Brandon Maxwell: "I do think we are seeing more diversity in fashion ... but still it's not enough"
Designer Brandon Maxwell's eponymous brand is barely two years old and already he's dressed some of the biggest names out there, including Michelle Obama, Lady Gaga and Jennifer Lawrence. In 2016 alone he received the Fashion Group International Rising Star Award and the Council of Fashion Designer's of America (CFDA) Swarovski Award for Womenswear.
And he shows no signs of fatigue. Currently Maxwell is in Houston, helping style Gaga for her highly anticipated Super Bowl halftime performance.
And with a meteoric rise comes stratospheric expectations.
"I actually used to be much more fearful than I am now," Maxwell said in an interview. "No success is possible without the hard work of many, and I choose now to focus on making those closest to me happy rather than trying to please everyone else. Everyone will always have opinions or ideas about what you should and shouldn't be, but I've found that if you're true to yourself and honest with who you are then that's the best way to sleep well at night."
Over the course of the three seasons he's thus far shown at New York Fashion Week, Maxwell has made a habit of celebrating New York City, hosting his runway shows at old-school Manhattan locales including Mr. Chow, Monkey Bar and the Russian Tea Room.
But for his Spring/Summer 2017 advertising campaign, Maxwell shifted his lens away from New York City over to Detroit, the hometown of his muse Riley Montana. Featured in the three image spread with Montana is her real-life family.
"As a designer I’ve always been inspired by the compassion, strength, power and beauty that is inside all women, regardless of age, skin color, shape or background," Maxwell said. "The campaign aims to promote a philosophy that I have always believed in, regardless of the political or cultural climate, that regardless of who you are or are not, where you came from or did not come from, you matter. Anything is possible for you through love and hard work."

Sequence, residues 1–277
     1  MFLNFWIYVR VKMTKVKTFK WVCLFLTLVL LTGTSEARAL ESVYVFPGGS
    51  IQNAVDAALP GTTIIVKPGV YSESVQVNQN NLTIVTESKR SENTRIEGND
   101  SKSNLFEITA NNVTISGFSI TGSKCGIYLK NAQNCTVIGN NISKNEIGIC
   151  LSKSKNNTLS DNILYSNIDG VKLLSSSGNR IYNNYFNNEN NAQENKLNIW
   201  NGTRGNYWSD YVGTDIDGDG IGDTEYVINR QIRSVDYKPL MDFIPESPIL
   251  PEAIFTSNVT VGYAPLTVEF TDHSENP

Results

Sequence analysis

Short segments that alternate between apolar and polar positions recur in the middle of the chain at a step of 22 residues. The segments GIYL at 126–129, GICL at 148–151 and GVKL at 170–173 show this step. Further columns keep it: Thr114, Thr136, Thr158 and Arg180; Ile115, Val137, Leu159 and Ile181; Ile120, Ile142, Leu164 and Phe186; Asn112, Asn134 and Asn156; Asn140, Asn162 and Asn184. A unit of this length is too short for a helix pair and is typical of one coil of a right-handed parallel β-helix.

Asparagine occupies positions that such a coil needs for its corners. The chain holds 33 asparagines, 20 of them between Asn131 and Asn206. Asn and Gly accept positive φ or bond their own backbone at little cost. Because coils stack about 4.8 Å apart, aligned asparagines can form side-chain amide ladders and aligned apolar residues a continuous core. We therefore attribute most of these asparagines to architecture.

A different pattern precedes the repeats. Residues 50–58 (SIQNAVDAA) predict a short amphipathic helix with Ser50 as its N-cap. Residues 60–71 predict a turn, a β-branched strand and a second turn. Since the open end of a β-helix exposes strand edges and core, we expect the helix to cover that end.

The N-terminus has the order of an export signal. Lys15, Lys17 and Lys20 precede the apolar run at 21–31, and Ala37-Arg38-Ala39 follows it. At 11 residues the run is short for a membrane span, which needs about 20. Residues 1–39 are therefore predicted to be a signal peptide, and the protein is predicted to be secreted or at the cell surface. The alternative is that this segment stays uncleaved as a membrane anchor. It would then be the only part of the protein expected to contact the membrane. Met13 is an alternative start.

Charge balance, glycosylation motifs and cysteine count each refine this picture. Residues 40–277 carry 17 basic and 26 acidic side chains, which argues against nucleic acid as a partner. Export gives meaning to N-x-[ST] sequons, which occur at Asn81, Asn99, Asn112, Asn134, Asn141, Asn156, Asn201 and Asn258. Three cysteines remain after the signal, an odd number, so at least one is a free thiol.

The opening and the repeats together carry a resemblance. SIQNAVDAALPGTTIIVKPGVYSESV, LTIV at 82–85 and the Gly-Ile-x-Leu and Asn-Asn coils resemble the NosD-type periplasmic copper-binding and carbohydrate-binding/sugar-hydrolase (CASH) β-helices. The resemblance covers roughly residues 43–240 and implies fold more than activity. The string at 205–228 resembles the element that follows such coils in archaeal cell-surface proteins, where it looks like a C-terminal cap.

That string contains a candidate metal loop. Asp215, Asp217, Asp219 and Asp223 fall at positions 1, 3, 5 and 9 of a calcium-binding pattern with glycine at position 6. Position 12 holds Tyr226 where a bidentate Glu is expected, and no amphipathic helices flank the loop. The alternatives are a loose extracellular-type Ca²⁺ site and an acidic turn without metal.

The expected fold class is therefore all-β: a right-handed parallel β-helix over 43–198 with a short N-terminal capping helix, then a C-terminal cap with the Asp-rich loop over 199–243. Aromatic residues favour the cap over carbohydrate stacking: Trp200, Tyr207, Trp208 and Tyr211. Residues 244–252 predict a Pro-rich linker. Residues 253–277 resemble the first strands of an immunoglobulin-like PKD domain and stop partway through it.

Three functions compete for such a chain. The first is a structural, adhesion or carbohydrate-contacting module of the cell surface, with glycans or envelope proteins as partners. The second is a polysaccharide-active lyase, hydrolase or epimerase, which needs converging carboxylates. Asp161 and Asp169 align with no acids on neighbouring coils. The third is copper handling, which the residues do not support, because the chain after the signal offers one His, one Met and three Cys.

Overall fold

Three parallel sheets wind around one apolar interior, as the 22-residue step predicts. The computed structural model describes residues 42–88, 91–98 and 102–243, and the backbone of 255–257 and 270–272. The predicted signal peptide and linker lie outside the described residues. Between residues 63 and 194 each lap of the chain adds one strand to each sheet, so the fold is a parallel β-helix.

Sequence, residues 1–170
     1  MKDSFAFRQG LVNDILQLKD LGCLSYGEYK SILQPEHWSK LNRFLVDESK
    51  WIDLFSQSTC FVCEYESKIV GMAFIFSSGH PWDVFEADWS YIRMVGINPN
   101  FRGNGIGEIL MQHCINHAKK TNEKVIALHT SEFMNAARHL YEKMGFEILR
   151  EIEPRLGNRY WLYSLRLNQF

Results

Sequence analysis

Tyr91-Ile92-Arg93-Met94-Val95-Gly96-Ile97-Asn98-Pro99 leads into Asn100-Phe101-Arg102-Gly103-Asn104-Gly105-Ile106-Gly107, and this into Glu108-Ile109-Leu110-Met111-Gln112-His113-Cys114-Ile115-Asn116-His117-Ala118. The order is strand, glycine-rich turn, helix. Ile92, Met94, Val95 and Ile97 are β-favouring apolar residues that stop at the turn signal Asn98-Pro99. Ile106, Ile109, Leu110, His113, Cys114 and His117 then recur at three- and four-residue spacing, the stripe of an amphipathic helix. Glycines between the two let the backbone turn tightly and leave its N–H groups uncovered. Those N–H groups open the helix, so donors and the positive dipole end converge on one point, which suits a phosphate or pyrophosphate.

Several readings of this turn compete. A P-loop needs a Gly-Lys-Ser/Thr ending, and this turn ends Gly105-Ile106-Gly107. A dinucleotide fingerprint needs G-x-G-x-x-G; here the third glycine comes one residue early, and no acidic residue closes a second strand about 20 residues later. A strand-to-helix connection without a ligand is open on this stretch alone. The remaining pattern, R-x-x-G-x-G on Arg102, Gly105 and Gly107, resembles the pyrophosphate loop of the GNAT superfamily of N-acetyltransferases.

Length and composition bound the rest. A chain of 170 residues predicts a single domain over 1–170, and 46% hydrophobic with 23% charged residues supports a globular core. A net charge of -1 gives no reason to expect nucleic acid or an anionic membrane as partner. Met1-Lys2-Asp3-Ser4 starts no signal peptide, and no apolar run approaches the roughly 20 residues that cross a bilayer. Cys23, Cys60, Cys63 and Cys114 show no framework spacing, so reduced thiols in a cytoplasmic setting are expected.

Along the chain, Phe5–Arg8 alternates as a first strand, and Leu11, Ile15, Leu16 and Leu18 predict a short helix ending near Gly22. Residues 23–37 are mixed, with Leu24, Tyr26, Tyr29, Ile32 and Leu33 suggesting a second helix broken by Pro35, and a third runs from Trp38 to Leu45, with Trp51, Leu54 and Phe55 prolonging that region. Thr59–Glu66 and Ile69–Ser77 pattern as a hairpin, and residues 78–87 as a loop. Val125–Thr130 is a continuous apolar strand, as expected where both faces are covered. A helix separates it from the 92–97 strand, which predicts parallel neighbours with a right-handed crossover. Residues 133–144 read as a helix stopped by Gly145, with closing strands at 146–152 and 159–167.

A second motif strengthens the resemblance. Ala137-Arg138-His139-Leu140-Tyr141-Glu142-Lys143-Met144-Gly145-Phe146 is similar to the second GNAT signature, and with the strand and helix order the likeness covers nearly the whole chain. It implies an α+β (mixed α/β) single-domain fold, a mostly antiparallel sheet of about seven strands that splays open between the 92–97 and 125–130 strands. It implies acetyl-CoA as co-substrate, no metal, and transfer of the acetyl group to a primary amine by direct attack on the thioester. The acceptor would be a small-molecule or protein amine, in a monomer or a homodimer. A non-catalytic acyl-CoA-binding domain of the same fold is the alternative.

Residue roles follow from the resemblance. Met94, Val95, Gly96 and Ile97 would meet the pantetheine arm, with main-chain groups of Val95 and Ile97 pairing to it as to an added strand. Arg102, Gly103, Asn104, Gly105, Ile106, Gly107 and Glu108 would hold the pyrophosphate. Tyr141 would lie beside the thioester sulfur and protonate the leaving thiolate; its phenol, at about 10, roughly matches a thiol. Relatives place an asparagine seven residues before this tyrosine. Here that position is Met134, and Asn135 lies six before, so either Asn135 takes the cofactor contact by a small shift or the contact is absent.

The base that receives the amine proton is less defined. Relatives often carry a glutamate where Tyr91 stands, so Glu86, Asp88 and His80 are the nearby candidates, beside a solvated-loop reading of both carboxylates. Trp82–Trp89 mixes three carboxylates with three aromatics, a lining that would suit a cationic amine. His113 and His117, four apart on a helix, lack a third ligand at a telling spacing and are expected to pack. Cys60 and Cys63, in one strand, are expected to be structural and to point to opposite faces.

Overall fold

Asked if he thinks the myriad conversations surrounding representation in fashion will see any noticeable shifts in 2017, Maxwell is mostly confident.
"I do think we are seeing more diversity in fashion ... but still it's not enough," he said. "My goal in our shows and in any of our brand visuals is always to represent a world that is round, diverse, loving and accepting, and to do so by way of telling a human story. The most impactful way to begin to implement change is to constantly, responsibly contribute to the narrative."
With New York Fashion Week around the corner, time will soon tell whether or not fashion's biggest stage can bounce back from a slight dip in diversity seen in September.